Corporate Banner
Satellite Banner
Biomolecular Screening
Scientific Community
 
Become a Member | Sign in
Home>News>This Article
  News
Return

Absence of Gene Leads to Earlier, More Severe Case of Multiple Sclerosis

Published: Tuesday, June 25, 2013
Last Updated: Tuesday, June 25, 2013
Bookmark and Share
UCSF finding in animal study may lead to biomarker that predicts course of disease in humans.

A UC San Francisco-led research team has identified the likely genetic mechanism that causes some patients with multiple sclerosis (MS) to progress more quickly than others to a debilitating stage of the disease. This finding could lead to the development of a test to help physicians tailor treatments for MS patients.

Researchers found that the absence of the gene Tob1 in CD4+ T cells, a type of immune cell, was the key to early onset of more serious disease in an animal model of MS.

Senior author Sergio Baranzini, PhD, a UCSF associate professor of neurology, said the potential development of a test for the gene could predict the course of MS in individual patients.

The study, done in collaboration with UCSF neurology researchers Scott Zamvil, MD, and Jorge Oksenberg, PhD, was published on June 24 in the Journal of Experimental Medicine.

MS is an inflammatory disease in which the protective myelin sheathing that coats nerve fibers in the brain and spinal cord is damaged and ultimately stripped away – a process known as demyelination. During the highly variable course of the disease, a wide range of cognitive, debilitating and painful neurological symptoms can result.

In previously published work, Baranzini and his research team found that patients at an early stage of MS, known as clinically isolated syndrome, who expressed low amounts of Tob1 were more likely to exhibit further signs of disease activity – a condition known as relapsing-remitting multiple sclerosis – earlier than those who expressed normal levels of the gene.

The current study, according to Baranzini, had two goals: to recapitulate in an animal model what the researchers had observed in humans, and uncover the potential mechanism by which it occurs.

The authors were successful on both counts. They found that when an MS-like disease was induced in mice genetically engineered to be deficient in Tob1, the mice had significantly earlier onset compared with wild-type mice, and developed a more aggressive form of the disease.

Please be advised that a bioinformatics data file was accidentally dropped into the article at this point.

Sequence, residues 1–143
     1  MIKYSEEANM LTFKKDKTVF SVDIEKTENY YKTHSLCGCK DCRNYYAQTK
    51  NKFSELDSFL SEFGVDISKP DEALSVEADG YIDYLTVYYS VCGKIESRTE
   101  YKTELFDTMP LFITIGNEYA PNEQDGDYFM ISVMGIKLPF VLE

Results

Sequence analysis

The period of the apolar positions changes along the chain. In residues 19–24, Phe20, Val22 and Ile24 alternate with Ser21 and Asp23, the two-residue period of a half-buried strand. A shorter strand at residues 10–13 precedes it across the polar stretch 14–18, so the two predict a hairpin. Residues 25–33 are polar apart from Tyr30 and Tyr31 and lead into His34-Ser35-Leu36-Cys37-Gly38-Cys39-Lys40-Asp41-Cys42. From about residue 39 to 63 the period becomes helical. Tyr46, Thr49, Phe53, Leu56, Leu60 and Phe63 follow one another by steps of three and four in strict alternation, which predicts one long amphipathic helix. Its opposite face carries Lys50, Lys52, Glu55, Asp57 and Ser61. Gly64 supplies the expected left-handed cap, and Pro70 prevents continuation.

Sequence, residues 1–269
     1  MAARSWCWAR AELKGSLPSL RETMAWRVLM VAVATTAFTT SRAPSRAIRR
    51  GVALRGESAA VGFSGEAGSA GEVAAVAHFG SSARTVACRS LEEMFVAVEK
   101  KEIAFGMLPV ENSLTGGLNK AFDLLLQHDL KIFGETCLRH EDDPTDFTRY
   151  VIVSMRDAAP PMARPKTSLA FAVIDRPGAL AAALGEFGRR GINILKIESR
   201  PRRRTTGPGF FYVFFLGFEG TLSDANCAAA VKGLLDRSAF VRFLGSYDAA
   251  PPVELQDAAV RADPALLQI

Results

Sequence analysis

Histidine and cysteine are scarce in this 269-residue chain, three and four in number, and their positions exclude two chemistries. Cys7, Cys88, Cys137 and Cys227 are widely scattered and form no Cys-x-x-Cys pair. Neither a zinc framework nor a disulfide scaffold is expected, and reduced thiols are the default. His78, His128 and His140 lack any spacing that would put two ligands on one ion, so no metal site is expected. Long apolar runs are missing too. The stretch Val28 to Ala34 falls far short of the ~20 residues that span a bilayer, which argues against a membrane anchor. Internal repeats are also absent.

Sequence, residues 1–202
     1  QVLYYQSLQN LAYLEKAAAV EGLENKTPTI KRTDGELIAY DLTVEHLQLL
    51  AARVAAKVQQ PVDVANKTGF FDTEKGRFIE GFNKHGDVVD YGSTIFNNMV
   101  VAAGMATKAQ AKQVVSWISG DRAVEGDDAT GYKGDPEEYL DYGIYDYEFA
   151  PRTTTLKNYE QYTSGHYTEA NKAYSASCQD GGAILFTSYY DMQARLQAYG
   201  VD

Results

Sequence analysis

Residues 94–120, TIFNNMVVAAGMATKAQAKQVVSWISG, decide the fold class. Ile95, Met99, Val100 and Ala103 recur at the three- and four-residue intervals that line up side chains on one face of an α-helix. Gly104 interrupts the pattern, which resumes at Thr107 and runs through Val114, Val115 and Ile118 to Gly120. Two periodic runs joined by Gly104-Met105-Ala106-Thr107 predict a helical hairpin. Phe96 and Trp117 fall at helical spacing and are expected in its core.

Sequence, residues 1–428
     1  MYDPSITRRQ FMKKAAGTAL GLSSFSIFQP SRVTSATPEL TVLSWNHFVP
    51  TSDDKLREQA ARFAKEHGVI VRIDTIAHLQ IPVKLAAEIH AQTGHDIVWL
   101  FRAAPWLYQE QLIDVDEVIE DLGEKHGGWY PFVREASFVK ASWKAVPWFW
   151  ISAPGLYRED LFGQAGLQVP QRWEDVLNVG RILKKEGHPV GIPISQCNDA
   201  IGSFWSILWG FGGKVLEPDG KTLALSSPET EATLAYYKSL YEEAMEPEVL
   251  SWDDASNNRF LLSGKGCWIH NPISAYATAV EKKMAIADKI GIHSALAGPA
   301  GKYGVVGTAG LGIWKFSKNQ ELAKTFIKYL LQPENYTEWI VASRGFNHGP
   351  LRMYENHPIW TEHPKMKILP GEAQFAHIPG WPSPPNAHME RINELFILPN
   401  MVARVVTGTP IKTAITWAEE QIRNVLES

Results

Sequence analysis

Subsequent experiments revealed the probable cause: the absence of Tob1 in just CD4+ T cells. The scientists demonstrated this by transferring T cells lacking the Tob1 gene into mice that had no immune systems but had normal Tob1 in all other cells. They found that the mice developed earlier and more severe disease than mice that had normal Tob1 expression in all cells including CD4+.

“This shows that Tob1 only needs to be absent in this one type of immune cell in order to reproduce our initial observations in mice lacking Tob1 in all of their cells,” said Baranzini.
Personalized Treatments for MS Patients

The researchers also found the likely mechanism of disease progression in the Tob1-deficient mice: higher levels of Th1 and Th17 cells, which cause an inflammatory response against myelin, and lower levels of Treg cells, which normally regulate inflammatory responses. The inflammation results in demyelination.

The research is significant for humans, said Baranzini, because the presence or absence of Tob1 in CD4+ cells could eventually serve as a prognostic biomarker that could help clinicians predict the course and severity of MS in individual patients. “This would be useful and important,” he said, “because physicians could decide to switch or modify therapies if they know whether the patient is likely to have an aggressive course of disease, or a more benign course.”

Ultimately, predicted Baranzini, “This may become an example of personalized medicine. When the patient comes to the clinic, we will be able to tailor the therapy based on what the tests tell us. We’re now laying the groundwork for this to happen.”


Further Information
Access to this exclusive content is for Technology Networks Premium members only.

Join Technology Networks Premium for free access to:

  • Exclusive articles
  • Presentations from international conferences
  • Over 2,500+ scientific posters on ePosters
  • More than 3,700+ scientific videos on LabTube
  • 35 community eNewsletters


Sign In



Forgotten your details? Click Here
If you are not a member you can join here

*Please note: By logging into TechnologyNetworks.com you agree to accept the use of cookies. To find out more about the cookies we use and how to delete them, see our privacy policy.

Related Content

Simple Technology Makes CRISPR Gene Editing Cheaper
University of California, Berkeley, researchers have discovered a much cheaper and easier way to target a hot new gene editing tool, CRISPR-Cas9, to cut or label DNA.
Friday, July 24, 2015
Delivering Drugs to the Right Place
Thomas Weimbs has developed a targeted drug delivery method that could potentially slow the progression of polycystic kidney disease.
Monday, June 29, 2015
Designing New Pain Relief Drugs
Researchers have identified the molecular interactions that allow capsaicin to activate the body’s primary receptor for sensing heat and pain, paving the way for the design of more selective and effective drugs to relieve pain.